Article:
As a result, the Illinois Militia used the event to draw more recruits from Illinois and Kentucky.[7] The war would end at the Battle of Bad Axe with the massacre of much of Black Hawk's "British Band;" the events at Indian Creek were used to justify the slaughter.[1] At Bad Axe, as Black Hawk and his delegates approached the steam ship Warrior, cries of "Remember Indian Creek!" were heard from the ship just before the ship's cannons opened fire on the Native Americans.[1] Official language(s) English[1] Capital Frankfort Largest city Louisville Area  Ranked 37th  - Total 40,444 sq mi (104,749 km²)  - Width 140 miles (225 km)  - Length 379 miles (610 km)  - % water 1. ... The Battle of Bad Axe, one of the last major battles during the Black Hawk War, was fought between the combined forces of the Sauk (Sac) and Fox tribes and United States troops under Gen. ... Paddle steamers - Lucerne-Switzerland Left: original paddlewheel from a paddle steamer on the lake of Lucerne. ... For other uses, see Cannon (disambiguation). ...


After the war, three Potawatomi were charged with murder for the Indian Creek massacre and warrants were issued at the LaSalle County Courthouse for Keewasee, Taquawee and Comee. The charges were dropped when the Hall sisters could not identify the attackers; the war paint they wore during the attack disguised them enough to prevent positive identification.[2] In 1833 the Illinois General Assembly passed a law granting each of the Hall sisters 80 acres of land along the Illinois and Michigan Canal as compensation and recognition for the hardships they had endured.[4] An arrest warrant is a warrant issued by a public officer which authorizes the arrest and detention of an individual. ... LaSalle County is a county located in the U.S. state of Illinois. ... The Illinois General Assembly convenes at the Illinois State Capitol in Springfield. ... The location and course of the Illinois and Michigan Canal. ...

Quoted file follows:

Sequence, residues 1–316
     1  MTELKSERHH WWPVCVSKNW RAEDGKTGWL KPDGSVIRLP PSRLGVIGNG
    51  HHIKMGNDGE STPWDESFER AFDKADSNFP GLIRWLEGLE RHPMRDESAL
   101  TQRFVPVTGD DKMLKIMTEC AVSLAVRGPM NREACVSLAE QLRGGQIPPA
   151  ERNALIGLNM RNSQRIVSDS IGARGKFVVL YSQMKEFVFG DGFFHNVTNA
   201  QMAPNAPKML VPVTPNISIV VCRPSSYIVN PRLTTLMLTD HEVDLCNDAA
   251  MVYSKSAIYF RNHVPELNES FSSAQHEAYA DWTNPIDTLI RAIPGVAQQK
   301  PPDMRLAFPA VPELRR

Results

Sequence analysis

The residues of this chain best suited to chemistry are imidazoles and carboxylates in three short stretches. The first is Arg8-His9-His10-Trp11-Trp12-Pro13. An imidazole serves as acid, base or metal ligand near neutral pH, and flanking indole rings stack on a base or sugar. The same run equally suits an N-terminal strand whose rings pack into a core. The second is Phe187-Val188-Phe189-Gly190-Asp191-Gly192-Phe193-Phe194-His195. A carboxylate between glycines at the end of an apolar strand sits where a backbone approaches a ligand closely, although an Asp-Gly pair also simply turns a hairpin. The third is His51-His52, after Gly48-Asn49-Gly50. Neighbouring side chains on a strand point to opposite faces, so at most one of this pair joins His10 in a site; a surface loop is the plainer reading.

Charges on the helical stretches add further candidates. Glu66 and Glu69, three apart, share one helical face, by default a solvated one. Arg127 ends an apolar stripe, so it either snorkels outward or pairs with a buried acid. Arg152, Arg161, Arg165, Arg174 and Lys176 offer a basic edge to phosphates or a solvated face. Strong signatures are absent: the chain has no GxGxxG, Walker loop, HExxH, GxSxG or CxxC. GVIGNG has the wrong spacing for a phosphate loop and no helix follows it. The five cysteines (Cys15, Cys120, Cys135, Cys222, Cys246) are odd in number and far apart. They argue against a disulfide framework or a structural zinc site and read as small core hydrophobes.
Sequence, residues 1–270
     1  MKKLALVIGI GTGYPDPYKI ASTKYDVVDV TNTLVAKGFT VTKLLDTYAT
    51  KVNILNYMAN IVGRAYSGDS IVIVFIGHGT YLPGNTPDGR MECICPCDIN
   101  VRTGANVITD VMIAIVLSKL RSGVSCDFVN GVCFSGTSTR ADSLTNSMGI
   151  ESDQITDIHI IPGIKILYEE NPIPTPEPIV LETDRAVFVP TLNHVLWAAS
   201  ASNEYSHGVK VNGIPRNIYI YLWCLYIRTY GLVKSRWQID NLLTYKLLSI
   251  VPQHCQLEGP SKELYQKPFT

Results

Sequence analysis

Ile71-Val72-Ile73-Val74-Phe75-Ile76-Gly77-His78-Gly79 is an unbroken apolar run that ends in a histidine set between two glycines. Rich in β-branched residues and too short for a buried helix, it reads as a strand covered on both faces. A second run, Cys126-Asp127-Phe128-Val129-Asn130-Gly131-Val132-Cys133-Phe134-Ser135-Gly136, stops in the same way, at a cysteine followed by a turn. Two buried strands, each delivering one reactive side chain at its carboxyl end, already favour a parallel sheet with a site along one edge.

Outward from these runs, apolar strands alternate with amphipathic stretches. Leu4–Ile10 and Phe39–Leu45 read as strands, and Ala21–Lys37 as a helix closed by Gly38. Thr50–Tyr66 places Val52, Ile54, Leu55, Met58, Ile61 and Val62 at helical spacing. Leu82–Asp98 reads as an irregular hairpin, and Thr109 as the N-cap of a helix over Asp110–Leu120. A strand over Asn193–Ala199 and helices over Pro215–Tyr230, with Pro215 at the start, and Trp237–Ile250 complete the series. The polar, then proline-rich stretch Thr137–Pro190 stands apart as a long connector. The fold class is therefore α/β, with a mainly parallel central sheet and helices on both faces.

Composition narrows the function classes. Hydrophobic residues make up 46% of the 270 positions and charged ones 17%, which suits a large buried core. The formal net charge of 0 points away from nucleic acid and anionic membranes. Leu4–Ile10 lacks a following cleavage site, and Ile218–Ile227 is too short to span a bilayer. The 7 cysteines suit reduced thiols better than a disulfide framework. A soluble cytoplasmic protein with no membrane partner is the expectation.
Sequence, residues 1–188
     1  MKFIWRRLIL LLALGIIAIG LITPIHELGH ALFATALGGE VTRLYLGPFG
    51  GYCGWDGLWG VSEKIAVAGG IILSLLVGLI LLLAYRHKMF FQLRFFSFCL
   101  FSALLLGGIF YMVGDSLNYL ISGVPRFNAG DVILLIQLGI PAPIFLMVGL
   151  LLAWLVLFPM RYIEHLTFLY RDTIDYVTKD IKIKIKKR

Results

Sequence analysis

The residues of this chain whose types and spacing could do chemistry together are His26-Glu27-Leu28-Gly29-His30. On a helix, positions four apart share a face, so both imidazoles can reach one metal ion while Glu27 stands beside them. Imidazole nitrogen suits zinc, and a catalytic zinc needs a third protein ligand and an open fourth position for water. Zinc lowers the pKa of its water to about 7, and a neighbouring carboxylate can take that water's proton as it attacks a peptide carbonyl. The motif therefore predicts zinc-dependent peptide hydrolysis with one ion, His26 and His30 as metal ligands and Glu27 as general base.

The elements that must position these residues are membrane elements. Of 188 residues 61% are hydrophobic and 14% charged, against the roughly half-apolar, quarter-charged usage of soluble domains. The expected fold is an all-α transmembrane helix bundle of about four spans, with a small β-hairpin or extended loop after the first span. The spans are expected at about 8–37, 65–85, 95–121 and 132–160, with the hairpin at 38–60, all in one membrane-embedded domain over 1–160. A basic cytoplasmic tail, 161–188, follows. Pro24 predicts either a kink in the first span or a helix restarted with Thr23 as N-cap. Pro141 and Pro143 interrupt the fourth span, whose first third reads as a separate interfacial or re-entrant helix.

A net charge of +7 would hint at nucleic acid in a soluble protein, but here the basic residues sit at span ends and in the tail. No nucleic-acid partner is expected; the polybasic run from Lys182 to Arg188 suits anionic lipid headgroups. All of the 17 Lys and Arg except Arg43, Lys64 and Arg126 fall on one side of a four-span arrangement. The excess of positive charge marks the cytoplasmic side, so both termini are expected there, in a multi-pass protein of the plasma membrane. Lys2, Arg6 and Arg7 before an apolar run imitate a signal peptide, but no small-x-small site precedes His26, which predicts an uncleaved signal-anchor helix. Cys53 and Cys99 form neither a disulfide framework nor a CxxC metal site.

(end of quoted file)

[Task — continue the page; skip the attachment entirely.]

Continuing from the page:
Today, a memorial marker with the names of those killed in the massacre is located in Shabbona Park in northern LaSalle County, east of Illinois Route 23. The marker was erected in 1905.[1] See also Interstate 24 US 24 Illinois Route 23 is a 115 mile (185 km) long north-south state highway in northern Illinois. ...


Notes

  1. ^ a b c d e f g h i j k l m n o p q McIntyre, Mac. "The Indian Creek Massacre," 2000, DeKalb County History, DeKalb County Online. Retrieved 5 August 2007.
  2. ^ a b c d e f g h Matile, Roger. "The Black Hawk War: Massacre at Indian Creek," Ledger-Sentinel (Oswego, Illinois), 31 May 2007. Retrieved 5 August 2007.
  3. ^ a b c d e f g Barton, Albert O. "Echoes of the Black Hawk War" Wisconsin Magazine Of History, Vol. 16 Issue 4 (1932-1933). Retrieved 5 August 2007.
  4. ^ a b "Document 8 – Donation of Land to Rachel Munson, A Former Indian Captive," Document: 11 May 1834, Illinois State Archives, Illinois Secretary of State. Retrieved 6 August 2007.
  5. ^ a b c d Lewis, James. "The Black Hawk War of 1832," Abraham Lincoln Digitization Project, Northern Illinois University, p. 2B. Retrieved 6 August 2007.
  6. ^ a b c Trask, Kerry A. The Black Hawk War: Battle for the Heart of America, (Google Books), Henry Holt: 2006, pp. 213-215, (ISBN 0805077588). Retrieved 6 August 2007.
  7. ^ a b c d e "May 21, Indian Creek, Ill.: Abduction of the Hall Sisters," Historic Diaries: The Black Hawk War, Wisconsin State Historical Society. Retrieved 5 August 2007.
  8. ^ a b Matile, Roger. "U.S Army, cholera mark end of Black Hawk War," Ledger-Sentinel (Oswego, Illinois), 14 June 2007. Retrieved 5 August 2007.